Mercedes reckons Lewis Hamilton is at “the peak of his powers” as the 2021 Formula 1 title fight reaches its climax, and there’s no denying the seven-time world champion is driving better than at any other point this season.
However, current championship leader Max Verstappen is not to be underestimated. Especially as he’s still exhibiting his greatest strength in this title battle.
Hamilton has back-to-back wins but before that, Verstappen did the same – he resisted Hamilton expertly in the USA then used a car advantage to dominate in Mexico after brilliantly taking the lead at the first corner.
Verstappen will not fear the final two rounds just because of Hamilton’s brace of victories, just like he wasn’t getting carried away by his own double before that.
In an end-of-season chat with The Race in Brazil, his laser-like focus on taking each weekend as it comes was very clear.
“I just grew up like that,” he says. “I’m a person who doesn’t really get nervous because I know that I always try to do the best I can every single weekend.
“That also takes a lot of pressure away.”
Verstappen and Hamilton are in another league this season. They are routinely dominating every grand prix between them and smashing their team-mates in the process.
In 12 of the 20 races held so far this season they have finished first and second. The exceptions can only be explained by retirements (Azerbaijan, Great Britain and Italy), penalties of some kind (Austria and Russia) or quirky circumstances (Monaco, Hungary and Belgium).
Verstappen holds the championship lead because he has won more races. But that disguises the fact his ‘bad’ days have tended to be better than Hamilton’s. Look past his retirements in Britain and Italy (where he had a part to play in both) and his entirely unfortunate compromised race in Hungary and he’s still yet to finish lower than second in what might be termed a ‘normal’ grand prix.
So, this is the factor worth considering: Verstappen has been relentlessly good this season and very effective even when he hasn’t been able to beat Hamilton. His best attribute in this battle is his apparent imperviousness to the pressure of his first championship challenge.
If Mercedes nails the final two events and Hamilton continues this form then the eight-point margin is perfectly realistic to overcome. But even if Mercedes has the best package over the final two races there is every chance Verstappen will still qualify on the front row, every chance he can attack at the start, every chance he can hound Hamilton to the end.
And he’s driving so well this season that it would be foolish to underestimate him even in a scenario that would be weighted against him.
The bar for Verstappen could not be set any higher. Hamilton’s reaching the peak of his season at the perfect time, providing just another example of the most successful driver in F1 history coming good when it matters.
He seems to have cut out the small errors that were holding him back earlier in the year – the off-weekend in Monaco, the mistake at the restart in Baku, a couple of poor starts here and there.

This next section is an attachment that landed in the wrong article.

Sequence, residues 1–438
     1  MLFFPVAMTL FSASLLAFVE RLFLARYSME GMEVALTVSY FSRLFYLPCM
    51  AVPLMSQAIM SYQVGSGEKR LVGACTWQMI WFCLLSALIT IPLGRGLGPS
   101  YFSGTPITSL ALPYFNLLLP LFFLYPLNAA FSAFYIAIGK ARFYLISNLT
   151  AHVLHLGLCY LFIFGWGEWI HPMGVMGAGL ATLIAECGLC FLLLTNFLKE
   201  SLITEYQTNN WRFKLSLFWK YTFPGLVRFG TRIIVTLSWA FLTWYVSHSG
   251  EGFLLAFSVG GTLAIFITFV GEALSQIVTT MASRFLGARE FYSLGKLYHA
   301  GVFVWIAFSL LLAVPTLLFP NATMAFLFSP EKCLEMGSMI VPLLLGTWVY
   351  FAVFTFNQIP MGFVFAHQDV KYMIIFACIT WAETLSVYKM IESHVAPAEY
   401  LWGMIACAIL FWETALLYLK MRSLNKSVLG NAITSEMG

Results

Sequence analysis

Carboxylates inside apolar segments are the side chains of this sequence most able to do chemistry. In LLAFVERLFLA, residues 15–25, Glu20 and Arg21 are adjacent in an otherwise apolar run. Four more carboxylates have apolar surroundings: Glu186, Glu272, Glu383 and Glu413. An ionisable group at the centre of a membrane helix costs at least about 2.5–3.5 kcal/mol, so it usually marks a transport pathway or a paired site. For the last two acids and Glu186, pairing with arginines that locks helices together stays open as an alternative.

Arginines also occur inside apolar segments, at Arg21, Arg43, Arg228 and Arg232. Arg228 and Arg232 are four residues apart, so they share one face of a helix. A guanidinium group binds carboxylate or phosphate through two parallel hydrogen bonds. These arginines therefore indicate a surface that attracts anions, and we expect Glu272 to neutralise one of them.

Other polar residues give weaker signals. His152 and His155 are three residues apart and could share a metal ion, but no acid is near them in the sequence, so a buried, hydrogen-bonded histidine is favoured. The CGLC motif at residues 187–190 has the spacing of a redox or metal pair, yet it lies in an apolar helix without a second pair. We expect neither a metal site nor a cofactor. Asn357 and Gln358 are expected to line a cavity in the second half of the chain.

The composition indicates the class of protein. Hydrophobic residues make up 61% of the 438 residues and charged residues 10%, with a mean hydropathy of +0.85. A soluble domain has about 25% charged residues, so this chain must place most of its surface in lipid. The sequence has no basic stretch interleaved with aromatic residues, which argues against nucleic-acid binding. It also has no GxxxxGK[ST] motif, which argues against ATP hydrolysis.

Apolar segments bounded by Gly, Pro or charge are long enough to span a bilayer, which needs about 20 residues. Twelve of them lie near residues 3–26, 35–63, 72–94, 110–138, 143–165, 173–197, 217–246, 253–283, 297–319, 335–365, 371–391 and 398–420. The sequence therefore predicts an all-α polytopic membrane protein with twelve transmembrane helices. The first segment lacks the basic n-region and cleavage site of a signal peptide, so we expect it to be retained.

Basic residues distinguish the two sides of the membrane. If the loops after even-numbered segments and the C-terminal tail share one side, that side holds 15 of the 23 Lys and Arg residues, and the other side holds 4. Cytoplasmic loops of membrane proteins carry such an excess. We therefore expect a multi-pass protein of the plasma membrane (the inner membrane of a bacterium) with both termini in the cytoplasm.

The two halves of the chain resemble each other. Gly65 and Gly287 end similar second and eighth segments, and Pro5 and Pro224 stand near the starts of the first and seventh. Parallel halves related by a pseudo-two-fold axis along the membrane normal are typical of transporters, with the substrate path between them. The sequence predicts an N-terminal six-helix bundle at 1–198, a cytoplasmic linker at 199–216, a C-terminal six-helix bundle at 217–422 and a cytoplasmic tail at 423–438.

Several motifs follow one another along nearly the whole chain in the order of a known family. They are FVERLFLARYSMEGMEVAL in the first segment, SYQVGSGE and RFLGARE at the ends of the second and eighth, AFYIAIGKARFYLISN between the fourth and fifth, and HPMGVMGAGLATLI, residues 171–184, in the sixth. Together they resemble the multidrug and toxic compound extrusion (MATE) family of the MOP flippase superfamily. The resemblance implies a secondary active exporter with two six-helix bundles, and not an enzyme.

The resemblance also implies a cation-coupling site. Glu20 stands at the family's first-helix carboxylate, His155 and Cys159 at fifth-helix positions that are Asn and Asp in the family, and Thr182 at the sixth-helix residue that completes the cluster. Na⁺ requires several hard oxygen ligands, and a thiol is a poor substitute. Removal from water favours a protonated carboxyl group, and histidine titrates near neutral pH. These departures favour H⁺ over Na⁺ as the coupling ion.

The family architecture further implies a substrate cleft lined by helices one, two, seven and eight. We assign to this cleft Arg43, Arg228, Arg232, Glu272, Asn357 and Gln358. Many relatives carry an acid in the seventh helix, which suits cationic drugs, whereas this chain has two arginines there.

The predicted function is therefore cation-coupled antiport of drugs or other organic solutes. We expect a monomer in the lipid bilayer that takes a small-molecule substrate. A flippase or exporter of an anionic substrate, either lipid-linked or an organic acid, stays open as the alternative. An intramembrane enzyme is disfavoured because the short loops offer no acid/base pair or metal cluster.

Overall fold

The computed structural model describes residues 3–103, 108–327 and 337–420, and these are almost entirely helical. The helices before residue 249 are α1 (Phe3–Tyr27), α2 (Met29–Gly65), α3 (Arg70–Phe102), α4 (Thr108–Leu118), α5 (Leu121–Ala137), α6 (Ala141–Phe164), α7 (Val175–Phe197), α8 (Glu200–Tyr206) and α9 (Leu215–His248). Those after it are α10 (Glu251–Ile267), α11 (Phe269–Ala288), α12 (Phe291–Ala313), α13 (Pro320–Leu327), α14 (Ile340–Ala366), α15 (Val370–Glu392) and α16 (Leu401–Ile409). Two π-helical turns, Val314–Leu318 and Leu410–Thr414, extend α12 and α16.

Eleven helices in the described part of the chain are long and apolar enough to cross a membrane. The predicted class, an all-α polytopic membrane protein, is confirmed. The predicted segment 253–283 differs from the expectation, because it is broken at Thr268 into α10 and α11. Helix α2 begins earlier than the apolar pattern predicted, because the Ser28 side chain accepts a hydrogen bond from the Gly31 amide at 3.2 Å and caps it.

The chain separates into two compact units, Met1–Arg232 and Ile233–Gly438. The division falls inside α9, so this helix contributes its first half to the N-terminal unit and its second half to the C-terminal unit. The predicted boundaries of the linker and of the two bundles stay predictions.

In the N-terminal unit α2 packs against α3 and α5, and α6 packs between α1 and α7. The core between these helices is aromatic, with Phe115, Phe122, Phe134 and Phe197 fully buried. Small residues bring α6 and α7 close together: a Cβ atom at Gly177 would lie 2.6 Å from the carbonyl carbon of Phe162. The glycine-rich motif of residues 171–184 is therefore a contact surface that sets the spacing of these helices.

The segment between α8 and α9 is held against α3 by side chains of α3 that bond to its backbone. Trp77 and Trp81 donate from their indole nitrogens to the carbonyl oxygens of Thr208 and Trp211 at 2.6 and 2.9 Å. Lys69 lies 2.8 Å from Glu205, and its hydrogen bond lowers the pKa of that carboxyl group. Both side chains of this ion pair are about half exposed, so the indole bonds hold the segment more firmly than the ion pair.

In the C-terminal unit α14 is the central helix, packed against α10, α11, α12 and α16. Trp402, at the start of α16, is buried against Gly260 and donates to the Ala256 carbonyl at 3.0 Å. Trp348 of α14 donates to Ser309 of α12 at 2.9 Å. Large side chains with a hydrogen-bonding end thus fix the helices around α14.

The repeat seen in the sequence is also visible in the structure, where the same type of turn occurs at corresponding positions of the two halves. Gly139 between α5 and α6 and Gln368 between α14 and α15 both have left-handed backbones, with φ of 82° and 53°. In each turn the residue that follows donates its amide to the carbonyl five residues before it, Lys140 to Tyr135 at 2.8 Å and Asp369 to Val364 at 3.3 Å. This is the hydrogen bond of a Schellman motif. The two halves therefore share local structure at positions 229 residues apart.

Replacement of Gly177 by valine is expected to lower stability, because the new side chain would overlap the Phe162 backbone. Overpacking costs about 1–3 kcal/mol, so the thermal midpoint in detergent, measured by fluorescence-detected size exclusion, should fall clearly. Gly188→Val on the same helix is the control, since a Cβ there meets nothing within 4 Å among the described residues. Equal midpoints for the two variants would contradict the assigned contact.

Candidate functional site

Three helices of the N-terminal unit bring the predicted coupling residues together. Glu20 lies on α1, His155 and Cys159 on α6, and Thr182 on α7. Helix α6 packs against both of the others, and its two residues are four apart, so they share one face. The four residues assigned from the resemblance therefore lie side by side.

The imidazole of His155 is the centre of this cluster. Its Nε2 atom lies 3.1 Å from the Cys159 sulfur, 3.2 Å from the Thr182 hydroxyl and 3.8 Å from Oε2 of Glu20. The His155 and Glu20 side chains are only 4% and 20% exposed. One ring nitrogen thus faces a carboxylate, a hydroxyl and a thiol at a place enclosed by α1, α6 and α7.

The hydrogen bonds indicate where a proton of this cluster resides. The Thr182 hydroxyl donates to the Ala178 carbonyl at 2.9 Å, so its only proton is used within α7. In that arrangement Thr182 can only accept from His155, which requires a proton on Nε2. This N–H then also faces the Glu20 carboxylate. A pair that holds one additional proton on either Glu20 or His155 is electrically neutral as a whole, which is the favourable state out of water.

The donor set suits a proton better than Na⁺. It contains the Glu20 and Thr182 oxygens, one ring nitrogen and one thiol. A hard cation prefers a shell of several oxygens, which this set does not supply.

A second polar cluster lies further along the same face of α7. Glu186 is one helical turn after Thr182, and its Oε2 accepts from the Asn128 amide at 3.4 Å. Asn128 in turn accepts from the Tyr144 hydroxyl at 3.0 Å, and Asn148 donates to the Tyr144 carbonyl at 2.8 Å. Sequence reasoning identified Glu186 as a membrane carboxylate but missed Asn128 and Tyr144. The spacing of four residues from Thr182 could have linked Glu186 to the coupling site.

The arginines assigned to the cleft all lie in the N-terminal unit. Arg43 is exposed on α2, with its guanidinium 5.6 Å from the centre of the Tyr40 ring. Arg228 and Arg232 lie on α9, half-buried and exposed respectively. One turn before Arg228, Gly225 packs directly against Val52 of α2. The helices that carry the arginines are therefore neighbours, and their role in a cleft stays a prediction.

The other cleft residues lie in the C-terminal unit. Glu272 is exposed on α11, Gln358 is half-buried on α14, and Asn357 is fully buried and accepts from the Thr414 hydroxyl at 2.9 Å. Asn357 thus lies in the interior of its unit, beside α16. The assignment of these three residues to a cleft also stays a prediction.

The point here is not to undermine any claim that Hamilton isn’t in great form, it’s to argue there is no reason for it to diminish the perception of Verstappen’s own level. That’s what makes this championship battle so good – and so very difficult to call a winner.
So, the question is where might either driver’s weakness be? For Verstappen, a harsh criticism might be that one was seen in Qatar.
It’s not the first time we’ve seen him punished in qualifying for a yellow flag offence. It’s a little bit like Mexico was a couple of years ago, when he had a moment where he sort of digs his heels in a little bit, decides ‘I’m cracking on’ and picks up a needless small penalty as a result of that.
Verstappen made life harder for himself than he needed to. He then did a brilliant job on the opening lap, followed that up with a very measured start to the first stint, and completed an excellent damage limitation job with no fuss.
With Hamilton cutting the gap to eight points, Verstappen only has one more ‘free’ second place finish now, though. If Hamilton wins in Saudi Arabia and Verstappen has a Qatar-like situation in Abu Dhabi, a damage limitation job wouldn’t be enough.
Anyone looking for a tiny chink in the armour will latch onto what happened in Qatar qualifying and suggest it’s Verstappen struggling with the pressure of the championship battle. Verstappen will dismiss it as ‘just something that can happen’. He will forget about it.
Here’s the thing: it’s probably neither. There’s been little to no evidence all season that Verstappen’s frazzled by this situation or will become frazzled by it. It’s just happening, race-by-race, and it’s not getting to him at all. But a penalty like Qatar is also not just ‘something that happens’, it’s indicative of a driver who does have the capacity to be a little too single-minded sometimes.
Does that mean anything for the title fight? Who knows. You just shouldn’t count on it disturbing Verstappen in any way.
Of being at the business end of the season, Verstappen simply says: “Of course, I know that’s happening. And I still feel the same about it.
“I’m pretty relaxed about it all and I’m just looking forward to racing every single weekend and trying to score a lot of points every weekend.
“I know in the back of my mind that we are approaching the end, and there are only a few races left. But the feeling inside my body is the same.”
Verstappen has an eight-point lead, immense mental fortitude, and the most unenviable opponent trying to chase it down.
Hamilton has an eight-point deficit, is in the form of his life, and an apparently unflappable opponent to outmanoeuvre.
The only conclusion is there is no way to draw a decisive conclusion. All the more reason to relish this battle, for it is a heavyweight fight for the ages.